In order to minimize contagion risks for respiratory infections, which can be fatal for the young orphaned bonobos, we built a separate dormitory for the Nursery and made three complementary improvements that allow visitors to observe the young bonobos’ play without having direct contact with them: we installed a large window on one wall of the interior day play room; we built a tunnel between the new dormitory and the bonobos’ existing outside play area; we fenced-in this play area and built a large Plexiglas wall allowing visitors to watch the bonobos play in their little forest.
- The young orphaned bonobos now have a dormitory separate from the adult and juvenile bonobos, thereby minimizing the risk of contagion of respiratory infections during epidemics;
- They sleep in a quiet, spacious and well-ventilated room, a significant contribution to their ability to manage stress during the psychological recovery process;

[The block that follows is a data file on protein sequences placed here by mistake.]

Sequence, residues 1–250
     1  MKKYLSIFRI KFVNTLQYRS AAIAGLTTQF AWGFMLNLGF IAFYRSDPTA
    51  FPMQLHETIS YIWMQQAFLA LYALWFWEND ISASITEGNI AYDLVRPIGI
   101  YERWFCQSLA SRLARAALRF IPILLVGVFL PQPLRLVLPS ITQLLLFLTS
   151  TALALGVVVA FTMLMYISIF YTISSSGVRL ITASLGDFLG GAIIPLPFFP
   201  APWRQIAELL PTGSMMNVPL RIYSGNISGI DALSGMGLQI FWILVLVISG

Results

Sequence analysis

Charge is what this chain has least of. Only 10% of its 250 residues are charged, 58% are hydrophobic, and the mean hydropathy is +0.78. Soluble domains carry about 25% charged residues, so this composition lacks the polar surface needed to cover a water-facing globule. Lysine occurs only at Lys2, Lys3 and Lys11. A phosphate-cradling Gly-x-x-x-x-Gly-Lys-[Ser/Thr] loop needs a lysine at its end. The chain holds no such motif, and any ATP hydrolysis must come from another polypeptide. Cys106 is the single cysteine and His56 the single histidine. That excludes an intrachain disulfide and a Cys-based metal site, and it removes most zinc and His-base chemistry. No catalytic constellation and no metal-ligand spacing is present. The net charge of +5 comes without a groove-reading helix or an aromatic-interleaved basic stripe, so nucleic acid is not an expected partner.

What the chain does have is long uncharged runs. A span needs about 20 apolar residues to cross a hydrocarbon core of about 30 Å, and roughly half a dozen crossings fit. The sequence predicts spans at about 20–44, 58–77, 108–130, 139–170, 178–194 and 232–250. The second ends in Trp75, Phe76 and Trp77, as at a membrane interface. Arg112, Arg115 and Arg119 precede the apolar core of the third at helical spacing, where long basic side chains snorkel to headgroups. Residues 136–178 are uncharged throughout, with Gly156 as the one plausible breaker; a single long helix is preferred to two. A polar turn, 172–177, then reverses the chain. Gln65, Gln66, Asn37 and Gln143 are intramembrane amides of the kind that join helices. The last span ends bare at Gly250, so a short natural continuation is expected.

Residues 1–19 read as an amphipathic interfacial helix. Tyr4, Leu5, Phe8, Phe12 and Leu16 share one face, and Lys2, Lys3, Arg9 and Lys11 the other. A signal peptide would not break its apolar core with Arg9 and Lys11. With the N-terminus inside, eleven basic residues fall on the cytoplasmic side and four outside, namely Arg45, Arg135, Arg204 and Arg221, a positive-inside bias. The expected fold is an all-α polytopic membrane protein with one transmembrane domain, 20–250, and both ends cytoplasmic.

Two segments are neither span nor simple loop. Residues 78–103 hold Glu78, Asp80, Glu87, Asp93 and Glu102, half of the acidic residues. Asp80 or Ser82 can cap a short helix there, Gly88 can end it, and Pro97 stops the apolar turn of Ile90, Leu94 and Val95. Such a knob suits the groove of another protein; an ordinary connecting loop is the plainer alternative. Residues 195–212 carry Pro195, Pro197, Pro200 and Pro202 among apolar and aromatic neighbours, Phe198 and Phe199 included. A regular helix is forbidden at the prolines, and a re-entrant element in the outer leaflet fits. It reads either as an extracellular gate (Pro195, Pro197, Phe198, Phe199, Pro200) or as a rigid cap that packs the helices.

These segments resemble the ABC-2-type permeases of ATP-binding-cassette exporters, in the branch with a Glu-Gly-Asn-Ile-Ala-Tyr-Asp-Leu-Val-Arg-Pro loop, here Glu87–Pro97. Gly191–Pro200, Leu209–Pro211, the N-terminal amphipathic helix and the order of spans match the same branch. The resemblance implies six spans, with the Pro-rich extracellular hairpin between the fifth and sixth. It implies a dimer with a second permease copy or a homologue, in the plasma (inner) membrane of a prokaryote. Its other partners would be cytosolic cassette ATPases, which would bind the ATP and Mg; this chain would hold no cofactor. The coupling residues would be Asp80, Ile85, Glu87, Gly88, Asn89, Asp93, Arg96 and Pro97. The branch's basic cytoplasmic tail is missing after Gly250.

- They benefit from two enriched play areas, in the forest and indoors, which is critical for their physical and psychological wellbeing;
- They are not in direct contact with visitors, minimizing the risk of human-animal disease transmission (and greatly easing the work of their surrogate mothers, who had to watch out for playful pranks on the visitors!)
Many thanks to all of you who allowed us to make this dream a reality: Many of you donated online in response to our campaign for the new Nursery in late 2010-early 2011, and we are very grateful for your support. Grants and donations were also received from Jim and Karen Holtz, Brian Hare and the Foundation “30 million friends”, while the Onduline corporation contributed roofing materials in-kind. Thank you !!!
You can find the full report on this project here:
http://www.friendsofbonobos.org/downloads/Final Report Nursery 2011-2013.pdf